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Fighter Jets Screech Above Aleppo, Syria's Largest City

Rebels and Syrian government troops continue to battle in Aleppo, Syria's largest city and home to many supporters of Syrian President Bashar Assad. Several reports say the government is using helicopters to attack neighborhoods where rebel fighters are hiding.

There's been fighting for four days and it's apparently ranged from downtown Aleppo to a major city prison, where inmates staged a protest: as many as 15 inmates may have died, according to Voice of America.

The Guardian, live blogging Syrian events, reports a rebel group in Aleppo claims it wrested control of four city districts.

That could explain a tweet from BBC correspondent Ian Pannell, who reports the Syrian government is bombing the eastern part of Aleppo with fighter jets. "A significant escalation and perhaps the first time they've been used in #Syrian conflict," he writes.

That hasn't been confirmed. The Associated Press reports fighter jets are over the city; they're flying so fast they're breaking the sound barrier, perhaps in an effort to scare rebels.

Now the rebels allege the Assad government has moved its chemical weapons stores to the border, notes AFP. As Mark wrote yesterday, Syria disclosed that it had the chemical weapons, but a foreign ministry spokesman suggested they'd only be used against foreigners. That did not go over well in the rest of the world, with the U.S. warning Syria it would be a tragic mistake to deploy them.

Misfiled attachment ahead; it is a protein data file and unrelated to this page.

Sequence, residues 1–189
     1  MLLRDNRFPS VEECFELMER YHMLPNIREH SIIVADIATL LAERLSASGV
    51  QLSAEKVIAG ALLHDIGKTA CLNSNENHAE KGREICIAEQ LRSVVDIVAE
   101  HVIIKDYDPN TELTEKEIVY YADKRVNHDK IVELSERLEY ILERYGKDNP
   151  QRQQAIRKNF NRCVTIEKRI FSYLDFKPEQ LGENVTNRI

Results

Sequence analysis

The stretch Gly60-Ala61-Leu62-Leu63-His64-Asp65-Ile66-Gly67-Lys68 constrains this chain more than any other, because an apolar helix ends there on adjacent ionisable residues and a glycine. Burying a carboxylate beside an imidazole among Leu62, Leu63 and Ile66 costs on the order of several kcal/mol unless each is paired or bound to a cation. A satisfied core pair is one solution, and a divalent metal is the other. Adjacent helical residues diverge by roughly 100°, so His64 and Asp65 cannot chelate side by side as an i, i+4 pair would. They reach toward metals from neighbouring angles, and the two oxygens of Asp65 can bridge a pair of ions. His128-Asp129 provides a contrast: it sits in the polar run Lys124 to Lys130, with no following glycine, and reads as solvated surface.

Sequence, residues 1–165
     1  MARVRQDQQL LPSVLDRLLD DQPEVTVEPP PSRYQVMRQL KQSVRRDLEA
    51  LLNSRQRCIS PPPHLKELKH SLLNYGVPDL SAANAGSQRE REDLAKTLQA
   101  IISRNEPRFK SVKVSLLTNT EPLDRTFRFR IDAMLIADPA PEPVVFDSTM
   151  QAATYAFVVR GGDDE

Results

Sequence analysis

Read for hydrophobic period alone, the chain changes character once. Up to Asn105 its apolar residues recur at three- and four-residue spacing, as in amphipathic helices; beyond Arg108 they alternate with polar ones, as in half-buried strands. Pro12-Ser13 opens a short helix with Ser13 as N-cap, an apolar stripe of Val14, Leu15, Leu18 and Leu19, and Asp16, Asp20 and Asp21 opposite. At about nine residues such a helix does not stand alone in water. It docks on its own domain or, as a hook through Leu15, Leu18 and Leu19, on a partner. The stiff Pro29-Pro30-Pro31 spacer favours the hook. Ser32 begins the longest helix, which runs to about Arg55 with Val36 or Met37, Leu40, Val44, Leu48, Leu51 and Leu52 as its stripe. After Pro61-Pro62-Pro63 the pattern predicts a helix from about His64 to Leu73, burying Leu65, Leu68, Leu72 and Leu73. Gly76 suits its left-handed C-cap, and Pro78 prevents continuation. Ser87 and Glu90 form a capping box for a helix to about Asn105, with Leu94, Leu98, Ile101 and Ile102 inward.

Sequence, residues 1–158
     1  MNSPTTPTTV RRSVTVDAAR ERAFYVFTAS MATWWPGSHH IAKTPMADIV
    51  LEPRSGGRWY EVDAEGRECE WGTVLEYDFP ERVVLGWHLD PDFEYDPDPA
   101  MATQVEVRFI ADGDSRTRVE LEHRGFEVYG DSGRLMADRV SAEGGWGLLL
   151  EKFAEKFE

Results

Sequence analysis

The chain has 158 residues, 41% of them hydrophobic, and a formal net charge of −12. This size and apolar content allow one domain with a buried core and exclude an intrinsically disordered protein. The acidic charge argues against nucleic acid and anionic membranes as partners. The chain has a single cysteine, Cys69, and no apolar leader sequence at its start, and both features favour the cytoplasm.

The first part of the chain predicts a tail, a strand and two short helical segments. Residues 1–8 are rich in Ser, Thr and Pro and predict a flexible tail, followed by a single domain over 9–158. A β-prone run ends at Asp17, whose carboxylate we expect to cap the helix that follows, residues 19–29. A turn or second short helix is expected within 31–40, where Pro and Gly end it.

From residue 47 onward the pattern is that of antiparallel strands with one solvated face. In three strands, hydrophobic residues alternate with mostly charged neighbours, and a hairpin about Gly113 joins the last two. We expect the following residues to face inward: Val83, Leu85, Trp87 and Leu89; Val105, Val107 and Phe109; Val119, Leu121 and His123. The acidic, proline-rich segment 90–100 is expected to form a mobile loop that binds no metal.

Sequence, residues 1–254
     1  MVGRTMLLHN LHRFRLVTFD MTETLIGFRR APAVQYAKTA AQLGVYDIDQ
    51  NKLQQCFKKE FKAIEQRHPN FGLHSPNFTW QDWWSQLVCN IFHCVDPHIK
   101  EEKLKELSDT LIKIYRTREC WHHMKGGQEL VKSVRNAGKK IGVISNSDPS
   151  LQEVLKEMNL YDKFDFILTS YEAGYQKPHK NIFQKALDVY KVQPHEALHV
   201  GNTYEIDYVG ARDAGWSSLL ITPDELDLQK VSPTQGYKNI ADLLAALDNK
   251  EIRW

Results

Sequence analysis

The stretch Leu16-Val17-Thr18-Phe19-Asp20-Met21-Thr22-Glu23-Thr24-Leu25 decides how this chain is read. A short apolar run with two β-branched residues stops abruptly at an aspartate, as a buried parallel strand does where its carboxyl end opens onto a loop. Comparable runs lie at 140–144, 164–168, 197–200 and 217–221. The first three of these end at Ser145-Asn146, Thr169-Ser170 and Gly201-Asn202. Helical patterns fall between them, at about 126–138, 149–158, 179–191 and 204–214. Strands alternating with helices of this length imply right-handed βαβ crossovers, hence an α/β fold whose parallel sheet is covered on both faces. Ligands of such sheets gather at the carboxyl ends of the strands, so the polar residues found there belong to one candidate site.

Now the Guardian says Syria is " backpedaling furiously" on the chemical weapon remarks, and the Syrian foreign ministry claims yesterday's statement wasn't reported accurately. Officials say Syria never really admitted owning chemical weapons in the first place.

Update at 1:35 p.m. ET. Reports About Syria's Supposed Stockpile "Can Be Sketchy."

NPR's Tom Bowman, who last week reported for us about how worried some U.S. officials are about the prospect of the Assad regime using chemical weapons, has filed a similar report for today's All Things Considered. He adds this caution, though, from Michael Eisenstadt of the Washington Institute for Near East Policy.

"We have to look back at our experience at dealing with Iraq and Libya where repeatedly our intelligence on weapons of mass destruction has been inaccurate in some very important ways. ... We should probably be very careful and modest about what we think we know about Syria's program."

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Korva Coleman is a newscaster for NPR.